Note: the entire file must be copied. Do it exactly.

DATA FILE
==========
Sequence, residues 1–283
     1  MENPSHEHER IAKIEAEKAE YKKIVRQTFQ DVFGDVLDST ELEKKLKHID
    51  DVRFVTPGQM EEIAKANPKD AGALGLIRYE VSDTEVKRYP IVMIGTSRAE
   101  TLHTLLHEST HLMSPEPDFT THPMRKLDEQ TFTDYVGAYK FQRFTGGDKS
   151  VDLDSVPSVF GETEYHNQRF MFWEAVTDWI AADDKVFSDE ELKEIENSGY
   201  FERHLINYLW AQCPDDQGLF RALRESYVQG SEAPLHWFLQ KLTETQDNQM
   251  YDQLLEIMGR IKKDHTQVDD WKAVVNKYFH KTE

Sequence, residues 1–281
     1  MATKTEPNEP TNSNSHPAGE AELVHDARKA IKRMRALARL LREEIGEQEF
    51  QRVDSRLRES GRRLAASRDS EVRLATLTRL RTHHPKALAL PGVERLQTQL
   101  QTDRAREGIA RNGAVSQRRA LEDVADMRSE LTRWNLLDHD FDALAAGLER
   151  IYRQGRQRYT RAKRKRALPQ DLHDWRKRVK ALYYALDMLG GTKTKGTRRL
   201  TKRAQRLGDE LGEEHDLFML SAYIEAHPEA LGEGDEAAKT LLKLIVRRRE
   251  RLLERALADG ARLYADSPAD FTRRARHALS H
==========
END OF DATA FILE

Sequence, residues 1–283
     1  MENPSHEHER IAKIEAEKAE YKKIVRQTFQ DVFGDVLDST ELEKKLKHID
    51  DVRFVTPGQM EEIAKANPKD AGALGLIRYE VSDTEVKRYP IVMIGTSRAE
   101  TLHTLLHEST HLMSPEPDFT THPMRKLDEQ TFTDYVGAYK FQRFTGGDKS
   151  VDLDSVPSVF GETEYHNQRF MFWEAVTDWI AADDKVFSDE ELKEIENSGY
   201  FERHLINYLW AQCPDDQGLF RALRESYVQG SEAPLHWFLQ KLTETQDNQM
   251  YDQLLEIMGR IKKDHTQVDD WKAVVNKYFH KTE

Sequence, residues 1–281
     1  MATKTEPNEP TNSNSHPAGE AELVHDARKA IKRMRALARL LREEIGEQEF
    51  QRVDSRLRES GRRLAASRDS EVRLATLTRL RTHHPKALAL PGVERLQTQL
   101  QTDRAREGIA RNGAVSQRRA LEDVADMRSE LTRWNLLDHD FDALAAGLER
   151  IYRQGRQRYT RAKRKRALPQ DLHDWRKRVK ALYYALDMLG GTKTKGTRRL
   201  TKRAQRLGDE LGEEHDLFML SAYIEAHPEA LGEGDEAAKT LLKLIVRRRE
   251  RLLERALADG ARLYADSPAD FTRRARHALS H